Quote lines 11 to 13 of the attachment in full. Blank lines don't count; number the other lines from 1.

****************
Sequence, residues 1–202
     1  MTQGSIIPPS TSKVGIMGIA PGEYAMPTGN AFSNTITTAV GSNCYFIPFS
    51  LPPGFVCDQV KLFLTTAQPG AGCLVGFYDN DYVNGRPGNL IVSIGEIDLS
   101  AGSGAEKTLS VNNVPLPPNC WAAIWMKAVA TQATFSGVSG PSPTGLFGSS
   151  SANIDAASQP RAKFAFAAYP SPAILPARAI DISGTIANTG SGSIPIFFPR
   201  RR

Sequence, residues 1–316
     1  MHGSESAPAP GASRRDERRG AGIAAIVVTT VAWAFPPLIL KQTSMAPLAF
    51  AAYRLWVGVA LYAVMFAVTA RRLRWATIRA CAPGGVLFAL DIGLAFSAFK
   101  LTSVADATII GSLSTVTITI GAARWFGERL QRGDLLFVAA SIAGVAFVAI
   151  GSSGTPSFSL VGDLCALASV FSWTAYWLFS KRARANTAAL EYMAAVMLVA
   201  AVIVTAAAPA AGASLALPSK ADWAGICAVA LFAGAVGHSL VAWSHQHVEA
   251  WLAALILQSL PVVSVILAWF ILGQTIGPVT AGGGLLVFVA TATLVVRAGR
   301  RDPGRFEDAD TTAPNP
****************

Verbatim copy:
   151  GSSGTPSFSL VGDLCALASV FSWTAYWLFS KRARANTAAL EYMAAVMLVA
   201  AVIVTAAAPA AGASLALPSK ADWAGICAVA LFAGAVGHSL VAWSHQHVEA
   251  WLAALILQSL PVVSVILAWF ILGQTIGPVT AGGGLLVFVA TATLVVRAGR